Bernard Avishai

Bernard Avishai, the author of The Tragedy of Zionism, is a senior fellow at the Sanford Institute of Public Policy at Duke University.

Recent Articles

Tribal Warfare

O n June 18, in broad daylight, Palestinian gunmen in a yellow taxi overtook Danny Yehuda--the father of three--as he drove on a highway near Homesh, a small Jewish settlement overlooking Nablus, the West Bank's largest city, and shot him to death at point-blank range. Taking responsibility for Yehuda's execution was a group calling itself "Battalions of the victim Thabet Thabet." The organization claimed to be avenging the death of Dr. Thabet Ahmed Thabet of Tul Karm, who until last December, when he was gunned down by undercover Israeli forces, had been a dentist and director-general of the Palestinian Authority's health ministry. In killing Thabet, the Israelis were apparently retaliating for a terrorist attack in the coastal town of Netanya just hours earlier, though nobody has established a connection between Thabet and the fatal explosion. A profile in the Israeli newspaper Ha'aretz later revealed that Thabet and his wife had been open advocates of peaceful negotiation with...

Clinton's Darkness At Noon

H e felt like the hero of Darkness at Noon , President Clinton confessed to a friend last January after the Lewinsky scandal broke. One can only surmise that he felt ground down, in the particular way of a political man—in this case, as one set up for a show trial, much like Nicolas Rubashov, the protagonist of Arthur Koestler's 1941 novel. There is something endearing about a president who will risk any literary reference to describe his state of mind, let alone one to a book that, although justly famous in its time—it was Koestler's homage to Stalin's purged—is now not much seen outside of core curriculum reading lists. In this case, however, the allusion may have been even more apt, and gently self-indicting, than Mr. Clinton intended. What is the book about? Rubashov, former commissar and still notorious dialectician, has been arrested for allegedly conspiring against Number One—something he has not done, though residual compassion for some of the people he's rubbed out has been...

Post-Zionist Israel

Benny Morris, a professor of history at Ben-Gurion University, and Avi Shlaim, a professor of history at Oxford, have come to be thought of as mainstays among Israel's New Historians, a term reminiscent of America's Revisionist school, which came into its own during the late 1960s. Back then, William Appleman Williams particularly captured the imagination of Vietnam-era peace intellectuals and historians. His book The Tragedy of American Diplomacy challenged the official view of the Southeast Asian war as a noble next step in containing communism. Rather, Williams witnessed American power tending to rescue landlords in the developing world, and took this to be evidence for the entrapment of American leaders in residual ideological and institutional forces after World War II, including a triumphal secular religion deriving from the prestige (and interests) of American business. What justified free enterprise at home presumably justified it everywhere; the appeal for complexity,...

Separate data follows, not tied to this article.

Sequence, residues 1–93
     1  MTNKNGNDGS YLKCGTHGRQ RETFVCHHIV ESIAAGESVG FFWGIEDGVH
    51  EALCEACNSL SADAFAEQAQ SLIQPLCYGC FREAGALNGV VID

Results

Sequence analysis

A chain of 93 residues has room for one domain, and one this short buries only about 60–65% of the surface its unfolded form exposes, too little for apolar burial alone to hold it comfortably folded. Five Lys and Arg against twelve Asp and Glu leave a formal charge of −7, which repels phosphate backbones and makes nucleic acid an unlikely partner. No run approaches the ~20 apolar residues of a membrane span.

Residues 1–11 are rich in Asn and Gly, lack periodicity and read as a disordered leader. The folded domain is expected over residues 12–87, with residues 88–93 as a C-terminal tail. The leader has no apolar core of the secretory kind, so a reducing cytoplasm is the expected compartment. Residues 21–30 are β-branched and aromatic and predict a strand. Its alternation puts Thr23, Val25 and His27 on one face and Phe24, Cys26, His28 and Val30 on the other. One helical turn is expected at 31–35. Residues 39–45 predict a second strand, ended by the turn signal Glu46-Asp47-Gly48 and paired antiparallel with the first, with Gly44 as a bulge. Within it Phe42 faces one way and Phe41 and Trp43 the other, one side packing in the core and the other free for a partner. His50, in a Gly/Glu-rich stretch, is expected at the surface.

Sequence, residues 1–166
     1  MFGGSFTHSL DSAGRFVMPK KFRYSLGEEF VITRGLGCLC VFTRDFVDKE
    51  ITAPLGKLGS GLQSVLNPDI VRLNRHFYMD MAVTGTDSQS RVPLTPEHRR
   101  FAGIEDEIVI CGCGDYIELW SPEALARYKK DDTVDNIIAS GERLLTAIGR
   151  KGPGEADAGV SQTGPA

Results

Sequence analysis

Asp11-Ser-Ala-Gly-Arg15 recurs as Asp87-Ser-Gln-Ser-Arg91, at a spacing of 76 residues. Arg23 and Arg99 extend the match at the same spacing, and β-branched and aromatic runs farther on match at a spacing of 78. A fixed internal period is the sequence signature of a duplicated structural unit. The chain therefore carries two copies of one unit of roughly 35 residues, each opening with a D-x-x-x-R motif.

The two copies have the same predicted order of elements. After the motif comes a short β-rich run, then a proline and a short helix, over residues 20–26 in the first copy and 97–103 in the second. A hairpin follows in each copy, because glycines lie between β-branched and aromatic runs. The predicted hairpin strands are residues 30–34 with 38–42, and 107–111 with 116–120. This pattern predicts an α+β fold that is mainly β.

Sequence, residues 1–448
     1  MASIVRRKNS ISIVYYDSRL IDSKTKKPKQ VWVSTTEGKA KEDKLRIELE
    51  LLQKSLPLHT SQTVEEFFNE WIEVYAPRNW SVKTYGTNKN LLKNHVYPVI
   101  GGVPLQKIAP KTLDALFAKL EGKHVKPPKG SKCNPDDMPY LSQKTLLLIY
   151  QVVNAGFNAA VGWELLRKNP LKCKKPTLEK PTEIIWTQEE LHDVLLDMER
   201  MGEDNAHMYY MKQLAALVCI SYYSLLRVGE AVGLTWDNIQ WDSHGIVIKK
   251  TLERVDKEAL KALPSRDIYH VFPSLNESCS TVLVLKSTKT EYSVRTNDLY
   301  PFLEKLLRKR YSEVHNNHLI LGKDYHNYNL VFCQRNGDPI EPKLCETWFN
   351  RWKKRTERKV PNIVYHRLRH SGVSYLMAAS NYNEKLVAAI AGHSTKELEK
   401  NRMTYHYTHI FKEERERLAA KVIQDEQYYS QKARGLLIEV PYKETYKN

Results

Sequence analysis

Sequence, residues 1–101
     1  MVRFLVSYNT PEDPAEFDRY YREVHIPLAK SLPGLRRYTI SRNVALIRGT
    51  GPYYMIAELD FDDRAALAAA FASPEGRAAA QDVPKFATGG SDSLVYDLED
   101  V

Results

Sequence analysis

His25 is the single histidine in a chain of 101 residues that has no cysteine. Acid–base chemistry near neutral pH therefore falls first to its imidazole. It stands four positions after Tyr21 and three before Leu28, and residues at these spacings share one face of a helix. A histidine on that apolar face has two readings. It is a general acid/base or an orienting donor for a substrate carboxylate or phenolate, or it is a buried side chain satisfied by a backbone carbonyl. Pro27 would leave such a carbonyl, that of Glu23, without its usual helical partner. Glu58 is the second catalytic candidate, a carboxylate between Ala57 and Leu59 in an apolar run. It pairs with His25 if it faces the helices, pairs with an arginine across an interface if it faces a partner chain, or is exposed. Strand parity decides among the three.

Social Compact, Version 2.0

Responsible companies promise to uphold higher values. Yet the new economy makes it harder than ever for companies to take on a broader social role -- that's hwy we invented government.

A re companies custodians of social values? For those of us raised somewhere between the invention of steam power and The Man in the Gray Flannel Suit , "corporate values" suggests a forlorn hope. But times, apparently, are not what they were. In February, Upside magazine featured an emblematic statement by Paul Saffo, the widely admired analyst of business technology based at Menlo Park's Institute for the Future, a Silicon Valley fixture: The high-tech industry, Saffo told an interviewer, has been "too immature, too young, to realize it had social obligations. But that's changed. There's a lot of social consciousness coming up, and a lot of sense of responsibility spreading out." Responsibility for what? "Haves and have-nots is a big issue," Saffo continued. "Mitch Kapor [the founder of Lotus Development Corporation] frames it as 'knows' and 'know-nots.'" And how to distribute knowledge, including access to knowledge, so that everyone can be "enfranchised" members of society? Saffo...